Issue 2

Day in the Life of a Staff Nurse

Roll call, 5.30 a.m. The alarm clock bugles it's insistence that I have responsibilities outside of this warm bed. Having self-medicated sufficiently with caffeine and nicotine, I've fired up Diane (my car) and am on the road. I'd like to add "with a sense of anticipation of the day ahead", but frankly, at this stage it's all I can do to travel up the M4 in the right direction.

At the handover, bleary-eyed night staff attempt to do justice to each patient before an audience of equally bleary-eyed morning staff. By 7.30, humanity is setting in. Where would we be without adrenalin? Still in bed probably. Priority number one – make sure patient's observation needs are met, then analyse the shift's unique requirements and allocate responsibilities.

It's a CTM (Clinical Team Meeting) day, and there's an outstanding nursing report to be written. Nurses at the Caswell Clinic do a lot of writing. Never in the field of human healthcare has so much been written to so many by so few, to paraphrase a certain Great Briton. All good stuff though – focuses the mind and engenders accountability. Later, I get to attend the CTM and enjoy the phenomenon of harmonious minds working together as though to produce a single, beatific chord. Heavenly. Quite a good outcome for our patients I feel, and look forward to feeding back to those who didn't attend themselves.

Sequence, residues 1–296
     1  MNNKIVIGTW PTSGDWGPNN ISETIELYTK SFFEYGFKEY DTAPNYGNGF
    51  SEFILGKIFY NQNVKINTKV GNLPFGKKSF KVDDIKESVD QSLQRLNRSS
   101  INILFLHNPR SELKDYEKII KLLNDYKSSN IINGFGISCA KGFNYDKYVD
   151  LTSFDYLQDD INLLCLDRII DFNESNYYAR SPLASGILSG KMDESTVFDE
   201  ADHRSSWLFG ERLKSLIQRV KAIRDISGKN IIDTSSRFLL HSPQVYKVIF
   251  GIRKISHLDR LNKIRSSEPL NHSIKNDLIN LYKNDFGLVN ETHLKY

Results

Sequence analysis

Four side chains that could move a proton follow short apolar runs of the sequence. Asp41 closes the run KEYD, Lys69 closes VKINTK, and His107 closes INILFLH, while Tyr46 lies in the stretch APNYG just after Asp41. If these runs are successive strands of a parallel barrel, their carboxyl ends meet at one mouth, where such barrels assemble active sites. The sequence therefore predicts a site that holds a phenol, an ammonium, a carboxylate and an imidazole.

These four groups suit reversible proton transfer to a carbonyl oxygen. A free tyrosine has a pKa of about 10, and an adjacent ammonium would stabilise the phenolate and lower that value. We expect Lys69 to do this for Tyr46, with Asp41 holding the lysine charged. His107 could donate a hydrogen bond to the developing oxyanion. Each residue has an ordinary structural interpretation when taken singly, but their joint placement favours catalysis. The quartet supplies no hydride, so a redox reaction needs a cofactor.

A typical day will see many disciplines at work on the ward. This leads me to muse over what makes us different. Is it just the name; nurse, doctor, O.T., patient, social worker, psychologist? We're all just folks, aren't we? There was a time when nurses did absolutely everything, down to purchasing food and cooking all the meals on the ward. Many areas of work once undertaken by nursing staff have now become the preserve of O.T.s (bless 'em). A doctor, of necessity, will be concerned primarily with the illness itself, and in using her special skills to attack the disorder at it's heart.

Nurses, on the other hand, are more concerned with symptoms. Specifically, our special role is to stand with the person and help him deal with those symptoms, minimizing the negative effects and finding new ways to regain quality of life.

I've been around long enough to know as a certainty that Caswell's nursing team, both qualified and unqualified, are a very special group of people. Add to that an in-house commitment to a genuine multi-disciplinary work ethic, an abiding belief that the system exists for the patient and not vice-versa, and not forgetting our dedicated support staff (them "upstairs") , patients can feel confident that they are receiving a level of care that is among the highest the people's Health Service has to offer.

Now, just before you dash off to find a kidney bowl or sickbag, allow me first to take the opportunity to wish you all a very Merry Christmas – the drinks are on you!

Mal Shears Staff Nurse